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Qatar’s success in mediating between Hamas leaders and Israel in the midst of a complex situation underscores its effectiveness in international politics. The ongoing negotiations led by Qatar, culminating in a humanitarian pause on 24 November and an exchange of prisoners, were intricate and challenging. Behind-the-scenes sources have revealed the difficulties faced during the talks. Negotiating between parties with no diplomatic ties demands strength, patience, expertise and political acumen, especially when dealing with an illegal occupier like Israel, which has openly threatened multiple stakeholders.

Looking ahead, it becomes evident that countries like Qatar, with their size, progressive leadership and strategic geopolitical role, are poised to take the lead in future peace negotiations and conflict resolution globally. The current situation also highlights the necessity to develop more literature and focus on what can be termed the “Doha Peace Negotiation Model”. The aftermath of these negotiations calls for the creation of a new model based on Qatar’s effective mediation, for the benefit of policymakers, academics, experts and students of international affairs.

The geopolitical landscape is no longer bipolar, and small states such as Qatar have demonstrated the ability to bypass former regional hegemons Egypt and Turkey, offering pathways to peace during critical conflicts. This paradigm shift underscores the evolving dynamics of global diplomacy and the role of smaller nations in shaping international relations.

The tragic events in Gaza have underscored the shortcomings, vulnerability and ineffectiveness of international institutions like the UN and UNRWA in safeguarding civilians and providing urgent humanitarian aid during critical times. Israel’s deliberate targeting of schools, hospitals, mosques and even UN staff in Gaza has revealed the urgent need for global peace-building institutions and diplomats to fulfil their duties and responsibilities. The silence of many institutions implies a tacit acceptance of Israeli atrocities.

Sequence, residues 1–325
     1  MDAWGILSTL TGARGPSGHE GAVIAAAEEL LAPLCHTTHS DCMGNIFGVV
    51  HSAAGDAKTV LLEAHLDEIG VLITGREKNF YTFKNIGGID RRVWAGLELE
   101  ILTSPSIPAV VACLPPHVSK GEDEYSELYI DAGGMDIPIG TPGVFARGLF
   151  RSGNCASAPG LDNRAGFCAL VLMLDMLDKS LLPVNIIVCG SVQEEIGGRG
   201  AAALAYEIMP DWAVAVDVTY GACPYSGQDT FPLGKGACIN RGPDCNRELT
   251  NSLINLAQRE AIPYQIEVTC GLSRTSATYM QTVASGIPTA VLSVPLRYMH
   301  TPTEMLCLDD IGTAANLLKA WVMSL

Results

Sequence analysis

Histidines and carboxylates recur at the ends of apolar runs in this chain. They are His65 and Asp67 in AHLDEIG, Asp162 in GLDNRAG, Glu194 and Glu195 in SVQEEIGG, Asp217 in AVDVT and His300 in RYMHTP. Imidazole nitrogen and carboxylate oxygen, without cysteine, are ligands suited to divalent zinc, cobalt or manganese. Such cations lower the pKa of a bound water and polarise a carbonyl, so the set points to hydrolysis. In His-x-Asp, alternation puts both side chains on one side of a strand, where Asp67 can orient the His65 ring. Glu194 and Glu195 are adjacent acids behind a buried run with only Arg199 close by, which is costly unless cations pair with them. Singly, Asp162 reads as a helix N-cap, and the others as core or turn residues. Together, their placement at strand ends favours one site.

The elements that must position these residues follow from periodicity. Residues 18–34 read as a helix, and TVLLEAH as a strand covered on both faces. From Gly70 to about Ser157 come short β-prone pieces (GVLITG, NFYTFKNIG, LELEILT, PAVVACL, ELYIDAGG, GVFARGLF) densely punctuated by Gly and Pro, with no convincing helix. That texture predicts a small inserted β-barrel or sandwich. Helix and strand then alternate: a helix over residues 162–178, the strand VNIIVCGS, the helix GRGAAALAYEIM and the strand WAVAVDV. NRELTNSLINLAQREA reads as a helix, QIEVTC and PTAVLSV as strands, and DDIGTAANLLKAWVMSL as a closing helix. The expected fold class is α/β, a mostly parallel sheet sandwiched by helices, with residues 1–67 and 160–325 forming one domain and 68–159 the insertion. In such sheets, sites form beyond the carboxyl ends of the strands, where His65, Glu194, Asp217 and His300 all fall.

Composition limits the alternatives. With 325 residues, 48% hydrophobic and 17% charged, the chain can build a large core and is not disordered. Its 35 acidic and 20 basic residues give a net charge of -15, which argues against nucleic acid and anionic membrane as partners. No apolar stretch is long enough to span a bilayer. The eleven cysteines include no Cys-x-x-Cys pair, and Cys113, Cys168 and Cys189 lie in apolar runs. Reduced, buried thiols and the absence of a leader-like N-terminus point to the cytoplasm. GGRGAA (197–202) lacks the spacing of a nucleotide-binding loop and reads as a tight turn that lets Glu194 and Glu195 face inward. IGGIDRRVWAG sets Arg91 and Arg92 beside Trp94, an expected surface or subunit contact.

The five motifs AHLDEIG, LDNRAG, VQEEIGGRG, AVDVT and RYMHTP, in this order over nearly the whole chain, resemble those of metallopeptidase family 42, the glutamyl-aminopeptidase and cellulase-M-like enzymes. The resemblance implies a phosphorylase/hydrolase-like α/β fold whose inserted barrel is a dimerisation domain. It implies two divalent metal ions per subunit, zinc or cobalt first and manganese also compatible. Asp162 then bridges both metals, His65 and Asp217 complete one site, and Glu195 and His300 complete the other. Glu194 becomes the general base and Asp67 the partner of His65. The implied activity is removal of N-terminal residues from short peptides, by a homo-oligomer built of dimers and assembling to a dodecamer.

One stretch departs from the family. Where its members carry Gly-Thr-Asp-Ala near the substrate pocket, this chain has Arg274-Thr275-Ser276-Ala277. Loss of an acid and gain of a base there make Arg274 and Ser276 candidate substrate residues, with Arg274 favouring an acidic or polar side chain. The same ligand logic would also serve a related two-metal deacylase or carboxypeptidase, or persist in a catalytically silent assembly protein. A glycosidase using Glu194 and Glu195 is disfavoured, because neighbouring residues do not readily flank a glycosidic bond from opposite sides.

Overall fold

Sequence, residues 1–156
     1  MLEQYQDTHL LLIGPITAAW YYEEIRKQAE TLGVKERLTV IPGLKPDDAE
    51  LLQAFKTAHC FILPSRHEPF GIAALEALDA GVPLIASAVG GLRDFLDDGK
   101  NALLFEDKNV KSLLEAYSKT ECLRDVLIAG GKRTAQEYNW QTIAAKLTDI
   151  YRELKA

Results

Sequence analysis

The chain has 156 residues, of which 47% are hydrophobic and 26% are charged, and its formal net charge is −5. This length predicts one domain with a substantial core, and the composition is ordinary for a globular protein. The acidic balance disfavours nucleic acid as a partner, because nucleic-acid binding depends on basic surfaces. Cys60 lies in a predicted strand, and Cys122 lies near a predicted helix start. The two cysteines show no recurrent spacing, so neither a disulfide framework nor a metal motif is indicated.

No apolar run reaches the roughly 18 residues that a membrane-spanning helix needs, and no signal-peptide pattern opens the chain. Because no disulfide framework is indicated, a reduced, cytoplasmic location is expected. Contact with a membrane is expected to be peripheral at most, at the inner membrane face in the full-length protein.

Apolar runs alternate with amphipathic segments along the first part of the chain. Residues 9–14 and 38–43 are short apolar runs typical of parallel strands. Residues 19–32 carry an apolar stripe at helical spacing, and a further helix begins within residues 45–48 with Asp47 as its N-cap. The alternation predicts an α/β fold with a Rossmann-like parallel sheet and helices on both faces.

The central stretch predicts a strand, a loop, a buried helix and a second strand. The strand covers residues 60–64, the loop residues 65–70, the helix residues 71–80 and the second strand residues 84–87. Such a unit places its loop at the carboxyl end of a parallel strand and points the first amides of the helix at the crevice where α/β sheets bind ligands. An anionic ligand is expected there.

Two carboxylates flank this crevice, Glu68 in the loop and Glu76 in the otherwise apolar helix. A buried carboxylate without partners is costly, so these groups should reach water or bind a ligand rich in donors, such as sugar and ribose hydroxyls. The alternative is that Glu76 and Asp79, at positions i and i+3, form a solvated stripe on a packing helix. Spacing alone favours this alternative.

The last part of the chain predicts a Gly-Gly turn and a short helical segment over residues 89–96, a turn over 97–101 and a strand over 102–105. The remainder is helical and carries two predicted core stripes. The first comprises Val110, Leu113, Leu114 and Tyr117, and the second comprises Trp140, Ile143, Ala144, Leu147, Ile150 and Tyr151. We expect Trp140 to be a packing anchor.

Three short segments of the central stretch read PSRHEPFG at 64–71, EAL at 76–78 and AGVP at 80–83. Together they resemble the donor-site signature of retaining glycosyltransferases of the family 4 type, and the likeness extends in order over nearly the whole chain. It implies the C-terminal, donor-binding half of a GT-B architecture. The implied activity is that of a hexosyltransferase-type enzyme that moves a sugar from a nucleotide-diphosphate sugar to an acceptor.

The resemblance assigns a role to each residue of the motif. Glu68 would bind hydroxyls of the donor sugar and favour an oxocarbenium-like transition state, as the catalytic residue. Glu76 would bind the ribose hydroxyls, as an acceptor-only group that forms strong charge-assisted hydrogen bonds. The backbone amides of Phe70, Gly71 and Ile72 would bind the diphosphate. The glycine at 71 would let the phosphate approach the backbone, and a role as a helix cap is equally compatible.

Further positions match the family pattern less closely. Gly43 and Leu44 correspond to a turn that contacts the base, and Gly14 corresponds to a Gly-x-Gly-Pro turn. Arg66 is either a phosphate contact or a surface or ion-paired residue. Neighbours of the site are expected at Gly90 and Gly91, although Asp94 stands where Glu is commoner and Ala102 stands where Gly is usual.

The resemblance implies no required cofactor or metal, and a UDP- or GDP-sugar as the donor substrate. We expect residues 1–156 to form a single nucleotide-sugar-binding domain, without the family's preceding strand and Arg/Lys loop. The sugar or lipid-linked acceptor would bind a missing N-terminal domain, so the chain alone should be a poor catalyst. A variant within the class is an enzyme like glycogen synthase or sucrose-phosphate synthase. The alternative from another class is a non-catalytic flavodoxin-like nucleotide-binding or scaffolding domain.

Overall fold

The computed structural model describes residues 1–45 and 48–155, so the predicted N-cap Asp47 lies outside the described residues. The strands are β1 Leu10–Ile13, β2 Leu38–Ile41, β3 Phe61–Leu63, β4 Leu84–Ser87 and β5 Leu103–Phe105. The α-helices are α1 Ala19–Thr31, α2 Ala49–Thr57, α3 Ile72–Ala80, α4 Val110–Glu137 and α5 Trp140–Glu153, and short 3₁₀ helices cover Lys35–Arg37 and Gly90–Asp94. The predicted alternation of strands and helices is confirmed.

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In contrast, we’ve witnessed the remarkable initiative of Lolwah Al-Khater, Qatar’s Minister of State for International Cooperation, who became the first minister to visit Gaza in recent weeks. Her actions not only set an unprecedented example for female leaders globally, but also offer a practical demonstration of effective diplomacy. Recognising the risks associated with visits to Gaza, her on-the-ground presence highlighted the essence of genuine leadership, emphasising that real leaders engage directly rather than operate solely from distant offices. This stands as a testament to the principles of foreign policy and politics.

In the contemporary landscape, wars are no longer confined to physical battlegrounds; they also encompass information wars, involving narratives, discourse, information dissemination, media and lobbying. Amid this evolving and complex nature of conflict, it is crucial to use accurate language consistently to address the situation. The ongoing genocide in Gaza is an extension of Israel’s decades-old settler-colonialism in Palestine. While an ideal world would witness Palestine’s freedom and the justice it deserves, we must grapple with the paradoxical realities we face. The current priority revolves increasingly around saving as many lives as possible, which is a formidable challenge. Hence, the mastery of diplomacy and the effectiveness of peace negotiations become more imperative than ever. As numerous colleagues and individuals in the streets recognise the pivotal role played by Qatar in mediating peace, it becomes crucial to document and acknowledge this as an evolving framework for regional and global peace-building in the future.

READ: Senior UK Conservative MPs call on government to push for Gaza ceasefire amid Israeli atrocities

The views expressed in this article belong to the author and do not necessarily reflect the editorial policy of Middle East Monitor.